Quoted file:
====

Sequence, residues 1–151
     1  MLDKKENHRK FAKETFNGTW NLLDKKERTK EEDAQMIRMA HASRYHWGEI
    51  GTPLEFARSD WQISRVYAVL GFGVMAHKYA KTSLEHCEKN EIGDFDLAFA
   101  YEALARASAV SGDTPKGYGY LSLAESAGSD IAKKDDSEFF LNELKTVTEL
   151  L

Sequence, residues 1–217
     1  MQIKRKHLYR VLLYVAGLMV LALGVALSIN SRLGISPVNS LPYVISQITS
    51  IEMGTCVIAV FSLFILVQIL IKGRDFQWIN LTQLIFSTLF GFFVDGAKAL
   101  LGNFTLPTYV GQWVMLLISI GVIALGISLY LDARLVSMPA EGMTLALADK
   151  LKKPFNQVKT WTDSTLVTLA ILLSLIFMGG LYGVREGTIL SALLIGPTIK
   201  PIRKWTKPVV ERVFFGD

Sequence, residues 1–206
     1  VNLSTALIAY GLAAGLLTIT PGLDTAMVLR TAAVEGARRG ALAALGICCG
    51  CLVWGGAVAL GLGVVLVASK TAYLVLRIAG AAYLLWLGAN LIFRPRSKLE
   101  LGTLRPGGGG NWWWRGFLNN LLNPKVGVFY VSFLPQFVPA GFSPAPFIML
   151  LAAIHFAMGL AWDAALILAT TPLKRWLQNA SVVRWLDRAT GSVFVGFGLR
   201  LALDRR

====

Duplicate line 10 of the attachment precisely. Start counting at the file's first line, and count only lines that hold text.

   151  LKKPFNQVKT WTDSTLVTLA ILLSLIFMGG LYGVREGTIL SALLIGPTIK